Six months after terrorists struck the United States, President Bush called on the nations of the world to stand together and wipe out the international terrorist network. Mr. Bush spoke at a White House ceremony attended by the families of 300 of those killed on September 11.
It was a time for remembrance, a day to honor the dead and to look to the future. "September the 11th was not the beginning of global terror. But it was the beginning of the world's concerted response," the president said.
The flags of more than 100 coalition countries flew on the White House lawn on this cool morning in late winter. The families of victims of the terrorist attacks filled row after row of white chairs. The president spoke to them, and to a broader audience around the world. "The terror that targeted New York and Washington could next strike any center of civilization. Against such an enemy, there is no immunity. And there can be no neutrality," he said.
Mr. Bush said the anti-terrorism coalition has shared victories and casualties. He said the Afghan people have been liberated from terrorist occupation, but that much more patience and courage will be required as the war on terrorism moves into its next phase.
"Every terrorist must be made to live as an international fugitive with no place to settle or organize, no place to hide, no governments to hide behind and not even a safe place to sleep," President Bush said.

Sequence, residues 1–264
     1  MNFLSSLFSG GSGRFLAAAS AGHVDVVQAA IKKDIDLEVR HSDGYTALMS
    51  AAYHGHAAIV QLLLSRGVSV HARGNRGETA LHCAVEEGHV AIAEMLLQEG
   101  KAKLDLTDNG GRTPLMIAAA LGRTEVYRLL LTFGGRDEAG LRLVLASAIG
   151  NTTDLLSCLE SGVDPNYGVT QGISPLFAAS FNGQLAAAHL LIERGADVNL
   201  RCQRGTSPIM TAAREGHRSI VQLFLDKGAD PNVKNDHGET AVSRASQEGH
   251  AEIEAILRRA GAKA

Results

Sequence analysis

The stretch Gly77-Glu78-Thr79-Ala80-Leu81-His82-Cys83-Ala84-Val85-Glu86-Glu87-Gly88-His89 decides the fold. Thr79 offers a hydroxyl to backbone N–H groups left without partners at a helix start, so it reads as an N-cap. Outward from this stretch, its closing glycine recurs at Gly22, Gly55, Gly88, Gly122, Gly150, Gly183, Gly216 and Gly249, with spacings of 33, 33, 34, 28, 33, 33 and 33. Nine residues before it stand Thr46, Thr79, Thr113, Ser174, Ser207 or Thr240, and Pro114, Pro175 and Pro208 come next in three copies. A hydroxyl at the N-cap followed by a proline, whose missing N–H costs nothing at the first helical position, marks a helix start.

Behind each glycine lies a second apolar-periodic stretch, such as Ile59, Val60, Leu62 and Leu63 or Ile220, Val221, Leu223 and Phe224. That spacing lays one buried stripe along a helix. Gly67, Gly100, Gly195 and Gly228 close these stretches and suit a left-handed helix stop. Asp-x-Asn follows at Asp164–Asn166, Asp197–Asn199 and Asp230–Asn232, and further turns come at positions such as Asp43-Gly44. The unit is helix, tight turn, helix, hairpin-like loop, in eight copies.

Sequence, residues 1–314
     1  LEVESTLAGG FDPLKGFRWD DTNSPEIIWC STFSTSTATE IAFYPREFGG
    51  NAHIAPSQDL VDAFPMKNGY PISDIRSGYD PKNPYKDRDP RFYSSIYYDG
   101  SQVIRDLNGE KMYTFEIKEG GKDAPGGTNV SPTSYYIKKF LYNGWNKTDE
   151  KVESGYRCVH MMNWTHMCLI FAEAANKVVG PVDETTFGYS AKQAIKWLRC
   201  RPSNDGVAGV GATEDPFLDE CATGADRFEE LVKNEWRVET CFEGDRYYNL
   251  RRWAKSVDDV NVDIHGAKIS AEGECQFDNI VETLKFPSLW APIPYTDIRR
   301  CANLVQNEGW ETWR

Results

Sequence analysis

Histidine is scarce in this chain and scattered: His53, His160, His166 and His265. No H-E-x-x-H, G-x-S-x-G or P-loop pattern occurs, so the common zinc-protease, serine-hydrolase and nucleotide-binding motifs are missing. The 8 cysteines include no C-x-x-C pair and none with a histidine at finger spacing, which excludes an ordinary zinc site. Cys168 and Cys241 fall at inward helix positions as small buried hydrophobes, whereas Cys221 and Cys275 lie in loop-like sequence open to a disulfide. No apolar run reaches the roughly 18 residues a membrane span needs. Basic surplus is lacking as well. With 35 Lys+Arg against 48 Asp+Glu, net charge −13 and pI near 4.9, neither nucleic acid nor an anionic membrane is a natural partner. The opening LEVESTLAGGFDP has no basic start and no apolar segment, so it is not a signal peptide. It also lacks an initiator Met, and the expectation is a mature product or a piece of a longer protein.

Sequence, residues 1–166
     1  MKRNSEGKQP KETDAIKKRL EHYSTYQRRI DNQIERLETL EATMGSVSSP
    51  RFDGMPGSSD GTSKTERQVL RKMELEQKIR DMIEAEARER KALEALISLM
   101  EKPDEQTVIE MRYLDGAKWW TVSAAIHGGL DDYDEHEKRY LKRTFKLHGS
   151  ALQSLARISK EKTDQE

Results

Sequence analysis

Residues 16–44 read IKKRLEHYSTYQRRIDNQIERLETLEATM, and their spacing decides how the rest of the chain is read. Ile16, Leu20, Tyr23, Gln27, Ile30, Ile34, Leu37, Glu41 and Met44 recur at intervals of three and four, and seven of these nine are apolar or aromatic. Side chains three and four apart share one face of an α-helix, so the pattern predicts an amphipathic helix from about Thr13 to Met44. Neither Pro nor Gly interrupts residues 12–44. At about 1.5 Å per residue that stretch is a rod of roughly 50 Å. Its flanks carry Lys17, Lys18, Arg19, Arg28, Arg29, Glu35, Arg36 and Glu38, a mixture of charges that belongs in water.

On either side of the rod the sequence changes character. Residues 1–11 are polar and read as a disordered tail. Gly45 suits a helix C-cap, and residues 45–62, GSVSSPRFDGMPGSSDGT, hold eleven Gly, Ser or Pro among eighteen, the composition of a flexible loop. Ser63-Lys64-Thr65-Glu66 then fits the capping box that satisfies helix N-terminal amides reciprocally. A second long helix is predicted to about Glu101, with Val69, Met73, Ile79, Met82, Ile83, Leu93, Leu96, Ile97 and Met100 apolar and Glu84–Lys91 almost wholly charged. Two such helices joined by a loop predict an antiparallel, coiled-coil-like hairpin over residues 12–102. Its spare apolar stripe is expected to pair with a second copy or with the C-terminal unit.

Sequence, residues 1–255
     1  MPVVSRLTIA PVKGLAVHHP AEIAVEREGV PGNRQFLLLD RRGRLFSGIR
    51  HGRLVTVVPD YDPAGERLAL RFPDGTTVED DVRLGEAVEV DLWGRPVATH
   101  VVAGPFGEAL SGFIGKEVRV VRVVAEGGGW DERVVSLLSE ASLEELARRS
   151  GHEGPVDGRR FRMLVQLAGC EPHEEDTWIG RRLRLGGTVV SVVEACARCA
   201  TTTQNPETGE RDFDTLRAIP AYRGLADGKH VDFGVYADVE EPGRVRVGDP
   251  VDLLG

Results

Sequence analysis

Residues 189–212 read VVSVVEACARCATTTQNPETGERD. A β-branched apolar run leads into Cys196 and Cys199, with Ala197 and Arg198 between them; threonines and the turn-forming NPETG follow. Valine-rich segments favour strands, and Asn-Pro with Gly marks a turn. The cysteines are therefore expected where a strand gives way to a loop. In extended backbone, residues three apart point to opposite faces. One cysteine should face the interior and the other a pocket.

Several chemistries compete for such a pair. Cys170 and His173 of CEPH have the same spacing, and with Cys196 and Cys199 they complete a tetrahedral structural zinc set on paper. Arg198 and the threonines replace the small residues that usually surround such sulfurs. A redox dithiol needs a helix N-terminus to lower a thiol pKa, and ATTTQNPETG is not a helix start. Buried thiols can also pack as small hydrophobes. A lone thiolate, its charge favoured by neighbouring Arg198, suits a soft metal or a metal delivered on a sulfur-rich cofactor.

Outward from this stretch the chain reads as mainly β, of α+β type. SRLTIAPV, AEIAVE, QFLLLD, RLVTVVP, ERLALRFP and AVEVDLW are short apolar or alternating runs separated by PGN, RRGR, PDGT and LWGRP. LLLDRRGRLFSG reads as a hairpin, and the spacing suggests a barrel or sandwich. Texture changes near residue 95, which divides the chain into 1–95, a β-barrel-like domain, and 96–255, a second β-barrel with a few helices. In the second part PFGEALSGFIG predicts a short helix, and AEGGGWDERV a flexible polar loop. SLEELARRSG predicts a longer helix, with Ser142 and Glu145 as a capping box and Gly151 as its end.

The president said victory will come over time. He said American troops will not fight every battle, but will help prepare other nations - such as Yemen, Georgia and the Philippines - that want to take on terrorist elements. "This mission will end when the work is finished, when terror networks of global reach have been defeated. The havens and training camps of terror are a threat to our lives and to our way of life and they will be destroyed," Mr. Bush said.
President Bush also talked about the threat posed to all nations when countries that support terrorism seek weapons of mass destruction. But unlike his State of the Union address to congress, Mr. Bush did not speak about an "axis of evil" and did not mention any country by name.
He chose his words carefully so as not to raise concerns that America could move unilaterally. The president said every civilized nation has a stake in this fight, and inaction is not an option. "Men with no respect for life must never be allowed to control the ultimate instruments of death," Mr. Bush said.
President Bush said America is resolved to win this fight because it remembers the horrors and heroics of September 11. He said together with its coalition partners, the United States will face the peril of the moment and the promise of our times.